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Purslane: Weed it or Eat it?

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Have you found purslane in your garden and are you wondering if you should weed it or eat it?

Have you found purslane in your garden and are you wondering if you should weed it or eat it?

Common Purslane (Portulaca Oleracea), also known as pigweed, little hogweed, or Ma Chi Xian, is a low growing succulent member of the Portulacaceae family. It is considered an annual herb that grows in almost all corners of the world in various soil conditions. To most, it is a pesky weed that sprouts up between cracks in the sidewalks, in garden beds, open areas in paths.

I have received some comments on the Purslane that I am showing in the last few Harvest Monday posts July 6, 2014 and July 14, 2014. So I thought I would share some of the research and information I have learned about Purslane.

Purslane is low in calories, high in fiber, an excellent source of the essential amino acids, Omega-3 fatty acids, and vitamins A, C and E.
Close-up of Purslane’s succulent leaves and seed pods.

So is Purslane a weed or food?

It is all a matter of perspective…A weed is considered to be any unwelcome or troublesome plant, especially one that grows abundantly where it is not wanted. While food is any nourishing substance that is eaten, drunk, or otherwise taken into the body to sustain life, provide energy, and promote growth.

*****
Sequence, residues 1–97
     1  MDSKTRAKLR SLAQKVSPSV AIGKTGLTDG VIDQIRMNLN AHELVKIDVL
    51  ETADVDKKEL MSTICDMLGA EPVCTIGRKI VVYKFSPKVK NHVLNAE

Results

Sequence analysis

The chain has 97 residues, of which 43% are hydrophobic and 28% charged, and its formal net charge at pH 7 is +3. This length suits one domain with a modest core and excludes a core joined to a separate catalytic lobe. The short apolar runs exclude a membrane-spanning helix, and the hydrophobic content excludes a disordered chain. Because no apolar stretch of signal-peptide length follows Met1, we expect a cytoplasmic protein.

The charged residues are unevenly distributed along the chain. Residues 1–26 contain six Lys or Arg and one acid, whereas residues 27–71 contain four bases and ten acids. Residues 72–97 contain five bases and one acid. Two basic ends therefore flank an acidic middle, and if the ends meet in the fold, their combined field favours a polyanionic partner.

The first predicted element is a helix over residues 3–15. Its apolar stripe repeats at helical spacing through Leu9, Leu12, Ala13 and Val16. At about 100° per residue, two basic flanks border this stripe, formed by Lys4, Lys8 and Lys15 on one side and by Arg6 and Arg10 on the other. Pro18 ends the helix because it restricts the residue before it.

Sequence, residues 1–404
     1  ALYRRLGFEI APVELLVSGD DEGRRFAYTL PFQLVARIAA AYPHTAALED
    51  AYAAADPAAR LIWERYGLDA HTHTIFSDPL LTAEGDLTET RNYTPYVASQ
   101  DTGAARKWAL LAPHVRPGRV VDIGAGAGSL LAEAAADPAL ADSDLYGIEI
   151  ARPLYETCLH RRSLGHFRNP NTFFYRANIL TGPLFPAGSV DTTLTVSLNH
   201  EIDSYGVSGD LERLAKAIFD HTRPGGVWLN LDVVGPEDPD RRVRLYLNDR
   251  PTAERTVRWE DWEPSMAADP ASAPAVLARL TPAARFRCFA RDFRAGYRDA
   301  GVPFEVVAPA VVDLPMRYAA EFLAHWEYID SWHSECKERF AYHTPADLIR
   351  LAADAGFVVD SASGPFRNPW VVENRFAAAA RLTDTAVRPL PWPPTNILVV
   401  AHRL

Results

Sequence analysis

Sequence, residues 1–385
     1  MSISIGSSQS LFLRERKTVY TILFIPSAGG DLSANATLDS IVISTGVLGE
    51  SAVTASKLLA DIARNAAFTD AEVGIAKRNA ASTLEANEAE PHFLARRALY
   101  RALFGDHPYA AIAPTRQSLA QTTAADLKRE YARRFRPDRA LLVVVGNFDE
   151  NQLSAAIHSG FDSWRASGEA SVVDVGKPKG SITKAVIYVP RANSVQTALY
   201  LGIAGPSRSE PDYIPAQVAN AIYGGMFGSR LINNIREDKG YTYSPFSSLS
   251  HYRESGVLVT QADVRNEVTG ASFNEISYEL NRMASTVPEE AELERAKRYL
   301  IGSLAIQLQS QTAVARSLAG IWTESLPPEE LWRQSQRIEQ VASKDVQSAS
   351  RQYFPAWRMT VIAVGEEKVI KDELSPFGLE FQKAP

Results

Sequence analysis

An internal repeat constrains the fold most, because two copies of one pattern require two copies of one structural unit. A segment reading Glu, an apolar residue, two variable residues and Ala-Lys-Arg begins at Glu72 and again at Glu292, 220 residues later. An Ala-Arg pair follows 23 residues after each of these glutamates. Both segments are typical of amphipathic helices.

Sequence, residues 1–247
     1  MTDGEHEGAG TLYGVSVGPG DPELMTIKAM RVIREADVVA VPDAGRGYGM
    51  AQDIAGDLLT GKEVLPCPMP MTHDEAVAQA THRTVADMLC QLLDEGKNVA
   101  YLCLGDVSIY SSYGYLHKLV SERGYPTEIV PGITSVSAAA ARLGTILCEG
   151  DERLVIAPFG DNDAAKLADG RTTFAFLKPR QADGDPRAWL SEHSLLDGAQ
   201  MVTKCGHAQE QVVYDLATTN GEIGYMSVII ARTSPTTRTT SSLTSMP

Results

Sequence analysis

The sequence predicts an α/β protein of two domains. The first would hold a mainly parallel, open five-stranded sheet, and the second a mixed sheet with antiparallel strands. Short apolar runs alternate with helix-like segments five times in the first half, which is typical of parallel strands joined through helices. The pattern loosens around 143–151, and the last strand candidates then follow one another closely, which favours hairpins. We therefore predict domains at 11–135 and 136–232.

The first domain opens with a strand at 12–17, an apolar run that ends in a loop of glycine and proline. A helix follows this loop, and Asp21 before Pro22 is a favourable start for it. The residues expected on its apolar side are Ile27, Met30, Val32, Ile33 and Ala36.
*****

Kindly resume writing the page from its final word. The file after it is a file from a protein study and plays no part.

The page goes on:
Purslane is a rather abundant in my garden this year. It is growing in the newly constructed raised beds and in the paths. I’ve been weeding it in areas where it may compete for moisture and nutrients with crops, but have allowed it to grow in corners and in paths. The weeded plants are not tossed away. I have been plucking the succulent leaves and adding them to salads, stir fry, and scrambling them up with my morning eggs.

Purslane is low in calories, high in fiber, an excellent source of the essential amino acids, Omega-3 fatty acids, and vitamins A, C and E.
Purslane growing in the paths in between garden beds.

So why am I eating a weed?

Purslane is packed with nutrition: Purslane is low in calories, high in fiber, an excellent source of the essential amino acids, and vitamins A, C and E. Purslane also has one the highest known concentrations of Omega-3 fatty acid in any plant. (source: HealthGuidance and USDA)

In his book, In Defense of Food: An Eater’s Manifesto Michael Pollan praises Purslane as one of the healthiest plants on the planet: